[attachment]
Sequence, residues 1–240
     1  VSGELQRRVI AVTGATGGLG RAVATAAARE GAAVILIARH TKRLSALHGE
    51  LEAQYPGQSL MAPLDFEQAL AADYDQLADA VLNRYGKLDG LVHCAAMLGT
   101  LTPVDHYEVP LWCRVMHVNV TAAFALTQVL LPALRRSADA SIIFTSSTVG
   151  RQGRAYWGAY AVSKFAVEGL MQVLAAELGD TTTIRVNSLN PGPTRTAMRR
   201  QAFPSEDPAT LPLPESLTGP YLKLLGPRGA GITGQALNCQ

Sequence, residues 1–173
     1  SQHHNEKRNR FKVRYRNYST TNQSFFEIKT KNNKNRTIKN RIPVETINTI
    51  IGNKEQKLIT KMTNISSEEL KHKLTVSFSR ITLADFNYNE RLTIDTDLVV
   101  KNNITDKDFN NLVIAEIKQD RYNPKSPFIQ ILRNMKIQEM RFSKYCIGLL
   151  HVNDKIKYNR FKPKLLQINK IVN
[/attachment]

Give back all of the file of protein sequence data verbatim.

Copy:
Sequence, residues 1–240
     1  VSGELQRRVI AVTGATGGLG RAVATAAARE GAAVILIARH TKRLSALHGE
    51  LEAQYPGQSL MAPLDFEQAL AADYDQLADA VLNRYGKLDG LVHCAAMLGT
   101  LTPVDHYEVP LWCRVMHVNV TAAFALTQVL LPALRRSADA SIIFTSSTVG
   151  RQGRAYWGAY AVSKFAVEGL MQVLAAELGD TTTIRVNSLN PGPTRTAMRR
   201  QAFPSEDPAT LPLPESLTGP YLKLLGPRGA GITGQALNCQ

Sequence, residues 1–173
     1  SQHHNEKRNR FKVRYRNYST TNQSFFEIKT KNNKNRTIKN RIPVETINTI
    51  IGNKEQKLIT KMTNISSEEL KHKLTVSFSR ITLADFNYNE RLTIDTDLVV
   101  KNNITDKDFN NLVIAEIKQD RYNPKSPFIQ ILRNMKIQEM RFSKYCIGLL
   151  HVNDKIKYNR FKPKLLQINK IVN